In ancient Roman religion and law, the sacramentum was an oath or vow that rendered the swearer sacer, "given to the gods," in the negative sense if he violated it.Sacramentum also referred to a thing that was pledged as a sacred bond, and consequently forfeit if the oath were violated. Both instances imply an underlying sacratio, act of consecration.
The sacramentum differs from iusiurandum, which is more common in legal application, as for instance swearing an oath in court. A sacramentum establishes a direct relation between the person swearing (or the thing pledged in the swearing of the oath) and the gods; the iusiurandum is an oath of good faith within the human community that is in accordance with ius as witnessed by the gods.
In Roman law, a thing given as a pledge or bond was a sacramentum. The sacramentum legis actio was a sum of money deposited in a legal procedure to affirm that both parties to the litigation were acting in good faith. If correct law and procedures had been followed, it could be assumed that the outcome was iustum, right or valid. The losing side had thus in effect committed perjury, and forfeited his sacramentum as a form of piaculum, an expiatory sacrifice; the winner got his deposit back. The forfeited sacramentum was normally allotted by the state to the funding of sacra publica, public religious rites.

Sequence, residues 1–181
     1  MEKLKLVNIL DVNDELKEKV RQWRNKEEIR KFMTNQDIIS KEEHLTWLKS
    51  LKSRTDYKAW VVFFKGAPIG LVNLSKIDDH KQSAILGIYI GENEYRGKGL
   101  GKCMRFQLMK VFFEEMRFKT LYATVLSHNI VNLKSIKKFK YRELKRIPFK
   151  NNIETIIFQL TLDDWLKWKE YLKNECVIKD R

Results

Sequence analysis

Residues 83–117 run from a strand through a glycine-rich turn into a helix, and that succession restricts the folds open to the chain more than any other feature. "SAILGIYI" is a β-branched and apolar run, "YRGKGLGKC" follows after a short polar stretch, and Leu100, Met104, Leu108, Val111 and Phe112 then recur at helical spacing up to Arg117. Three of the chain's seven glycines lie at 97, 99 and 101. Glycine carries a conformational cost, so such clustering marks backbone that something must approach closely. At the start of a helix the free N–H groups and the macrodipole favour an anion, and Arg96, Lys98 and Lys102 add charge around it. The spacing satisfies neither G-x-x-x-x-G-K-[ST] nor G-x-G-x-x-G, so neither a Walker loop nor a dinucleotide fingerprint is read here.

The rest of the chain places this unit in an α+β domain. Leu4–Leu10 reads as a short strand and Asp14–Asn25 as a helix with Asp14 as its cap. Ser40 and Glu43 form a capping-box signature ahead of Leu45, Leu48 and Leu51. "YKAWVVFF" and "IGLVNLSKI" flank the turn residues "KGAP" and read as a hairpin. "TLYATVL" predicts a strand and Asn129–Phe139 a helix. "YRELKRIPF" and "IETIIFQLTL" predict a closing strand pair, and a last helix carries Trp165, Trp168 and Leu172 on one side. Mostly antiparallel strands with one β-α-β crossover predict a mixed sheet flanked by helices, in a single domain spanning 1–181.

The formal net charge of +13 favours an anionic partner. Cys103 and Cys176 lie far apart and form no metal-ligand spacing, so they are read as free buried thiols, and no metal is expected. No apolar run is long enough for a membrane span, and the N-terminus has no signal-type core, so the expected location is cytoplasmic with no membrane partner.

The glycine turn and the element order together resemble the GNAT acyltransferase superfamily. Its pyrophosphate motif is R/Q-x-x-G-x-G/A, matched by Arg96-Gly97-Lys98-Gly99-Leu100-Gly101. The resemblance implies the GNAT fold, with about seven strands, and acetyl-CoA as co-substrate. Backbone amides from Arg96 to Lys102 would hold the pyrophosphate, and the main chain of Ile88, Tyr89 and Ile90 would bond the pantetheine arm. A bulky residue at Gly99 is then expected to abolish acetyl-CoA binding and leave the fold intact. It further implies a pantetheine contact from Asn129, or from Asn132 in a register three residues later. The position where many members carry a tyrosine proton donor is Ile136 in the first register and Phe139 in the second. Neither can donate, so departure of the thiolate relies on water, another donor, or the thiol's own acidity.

The sacramentum militare (also as militum or militiae) was the oath taken by soldiers in pledging their loyalty to the consul in the Republican era or later to the emperor. The sacramentum as pertaining to both the law and the military indicates the religious basis for these institutions.
The sacramentum that renders the soldier sacer helps explain why he was subjected to harsher penalties, such as execution and corporal punishment, that were considered inappropriate for civilian citizens, at least under the Republic. In effect, he had put his life on deposit, a condition also of the fearsome sacramentum sworn by gladiators. In the rare case of punishment by decimation, the surviving legionaries were often required to renew their oath, affirming the role of state religio as the foundation of Roman military discipline.
By the 3rd century the sacramentum was administered annually, on January 3, as attested by the calendar of state ritual discovered at Dura-Europos, the so-called Feriale Duranum, which dates to the reign of Severus Alexander (222-235 AD). In the later empire, the oath of loyalty created conflict for Christians serving in the military, and produced a number of soldier-martyrs.Tertullian condemned any Christian soldier's willingness to swear the sacramentum, since baptism was the only sacrament a Christian should observe.